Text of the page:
Generating Renewable Energy from Ocean Waves
Wave power refers to the energy of ocean surface waves and the capture of that energy to do useful work – including electricity generation, desalination, and the pumping of water (into reservoirs). Wave power is a form of renewable energy. Though often co-mingled, wave power is distinct from the diurnal flux of tidal power and the steady gyre of ocean currents. Wave power generation is not a widely employed technology, and no commercial wave farm has yet been established (although development for the first commercial wind farm in the Orkneys are well under way).
Below you will find a selection of technologies used to convert wave energy into electricity.
Pelamis Wave Energy Converter: The Pelamis is a semi-submerged, articulated structure composed of cylindrical sections linked by hinged joints. The wave-induced motion of these joints is resisted by hydraulic rams, which pump high-pressure oil through hydraulic motors via smoothing accumulators. The hydraulic motors drive electrical generators to produce electricity. Power from all the joints is fed down a single umbilical cable to a junction on the sea bed. Several devices can be connected together and linked to shore through a single seabed cable.
Finavera’s AquabuOY: The AquaBuOY is a floating buoy structure that converts the kinetic energy of the vertical motion of oncoming waves into clean electricity. It utilizes a cylindrical buoy as the displacer and the reactor is a large water mass enclosed by a long vertical tube underneath the buoy.
Aegir Dynamo: The Aegir Dynamo functions in a unique fashion by generating electrical current from the motion of the prime mover in one phase via a direct mechanical conversion and the use of a bespoke buoyancy vessel.
Wave Dragon: Wave Dragon is a floating, slack-moored energy converter of the overtopping type that can be deployed in a single unit or in arrays of Wave Dragon units in groups resulting in a power plant with a capacity comparable to traditional fossil based power plants.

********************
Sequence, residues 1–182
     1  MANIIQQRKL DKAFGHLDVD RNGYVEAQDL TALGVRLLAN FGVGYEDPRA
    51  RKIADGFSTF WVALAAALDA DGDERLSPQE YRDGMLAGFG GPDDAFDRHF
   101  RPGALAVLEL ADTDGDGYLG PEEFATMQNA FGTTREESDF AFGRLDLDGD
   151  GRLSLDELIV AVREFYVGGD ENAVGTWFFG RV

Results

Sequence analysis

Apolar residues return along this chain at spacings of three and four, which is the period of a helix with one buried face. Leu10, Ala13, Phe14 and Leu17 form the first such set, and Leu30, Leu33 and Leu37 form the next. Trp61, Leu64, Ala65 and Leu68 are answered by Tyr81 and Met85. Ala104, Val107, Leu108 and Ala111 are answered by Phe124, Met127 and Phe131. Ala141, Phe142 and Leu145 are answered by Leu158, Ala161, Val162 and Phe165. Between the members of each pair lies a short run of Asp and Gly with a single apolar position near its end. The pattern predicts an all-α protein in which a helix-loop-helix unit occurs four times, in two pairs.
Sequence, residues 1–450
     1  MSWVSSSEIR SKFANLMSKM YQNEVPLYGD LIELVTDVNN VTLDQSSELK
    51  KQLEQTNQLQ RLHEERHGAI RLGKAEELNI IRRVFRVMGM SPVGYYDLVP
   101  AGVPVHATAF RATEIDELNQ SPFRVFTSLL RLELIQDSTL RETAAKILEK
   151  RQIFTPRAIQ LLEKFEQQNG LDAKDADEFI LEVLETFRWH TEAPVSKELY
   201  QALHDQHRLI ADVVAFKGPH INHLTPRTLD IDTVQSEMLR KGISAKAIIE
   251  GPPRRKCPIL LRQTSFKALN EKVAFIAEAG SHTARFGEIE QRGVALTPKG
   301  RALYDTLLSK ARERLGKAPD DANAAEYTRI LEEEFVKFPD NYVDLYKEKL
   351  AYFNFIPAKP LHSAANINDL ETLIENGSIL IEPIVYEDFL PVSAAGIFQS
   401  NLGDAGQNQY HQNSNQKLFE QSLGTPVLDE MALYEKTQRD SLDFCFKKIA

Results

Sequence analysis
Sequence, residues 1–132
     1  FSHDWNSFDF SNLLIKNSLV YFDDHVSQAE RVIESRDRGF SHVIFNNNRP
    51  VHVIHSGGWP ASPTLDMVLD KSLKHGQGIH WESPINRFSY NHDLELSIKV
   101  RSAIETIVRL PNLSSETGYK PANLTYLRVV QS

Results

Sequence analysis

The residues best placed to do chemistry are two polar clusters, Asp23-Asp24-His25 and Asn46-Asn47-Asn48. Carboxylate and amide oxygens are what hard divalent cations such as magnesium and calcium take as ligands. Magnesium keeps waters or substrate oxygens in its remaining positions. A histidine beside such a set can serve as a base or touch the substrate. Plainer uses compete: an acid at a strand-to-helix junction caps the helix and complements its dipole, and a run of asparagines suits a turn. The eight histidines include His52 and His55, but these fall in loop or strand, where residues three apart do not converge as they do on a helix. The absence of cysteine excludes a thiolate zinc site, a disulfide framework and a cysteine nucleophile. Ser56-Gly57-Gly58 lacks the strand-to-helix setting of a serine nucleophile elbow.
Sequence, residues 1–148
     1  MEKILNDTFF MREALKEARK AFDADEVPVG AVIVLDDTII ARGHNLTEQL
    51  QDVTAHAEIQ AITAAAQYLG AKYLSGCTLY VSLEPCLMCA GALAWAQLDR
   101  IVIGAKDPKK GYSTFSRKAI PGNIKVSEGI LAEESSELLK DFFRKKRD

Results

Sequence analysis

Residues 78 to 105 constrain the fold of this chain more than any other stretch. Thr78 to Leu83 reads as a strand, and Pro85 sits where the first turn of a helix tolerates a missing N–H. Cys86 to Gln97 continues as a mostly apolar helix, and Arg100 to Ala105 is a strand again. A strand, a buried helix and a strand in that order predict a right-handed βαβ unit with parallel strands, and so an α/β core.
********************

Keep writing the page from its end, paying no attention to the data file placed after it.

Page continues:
OWC Pico Power Plant: Wave enters in the “hydro-pneumatic chamber” (resembling a cave with entry below the waterline). Up-and down- movement of water column inside chamber makes air flow to and from the atmosphere, driving an air turbine. The turbine is symmetric and is driven indifferently in which direction the air flows.
AWS Wave Energy Converter: The AWS (Archimedes Wave Swing) wave energy converter is a cylinder shaped buoy, moored to the seabed. Passing waves move an air-filled upper casing against a lower fixed cylinder, with up and down movement converted into electricity.
As a wave crest approaches, the water pressure on the top of the cylinder increases and the upper part or ‘floater’ compresses the gas within the cylinder to balance the pressures. The reverse happens as the wave trough passes and the cylinder expands. The relative movement between the floater and the lower part or silo is converted to electricity by means of a hydraulic system and motor-generator set.
OpenHydro: The company’s vision is to deploy farms of open-centre tidal turbines under the world’s oceans – silently and invisibly generating electricity at no cost to the environment. OpenHydro’s technology enables the ocean’s immense energy to be harnessed for the benefit of all. The Open-Centre Turbine, with just one moving part and no seals, is a self-contained rotor with a solid state permanent magnet generator encapsulated within the outer rim, minimising maintenance requirements.
SPERBOY: Developed and patented by Embley Energy, is a floating wave energy converter based on the ‘oscillating water column’ principle. Air displaced by the oscillating water column is passed through turbine-generators. Designed to be deployed in large arrays 8 to 12 miles off shore SPERBOYTM provides large-scale energy generation at a competitive cost.
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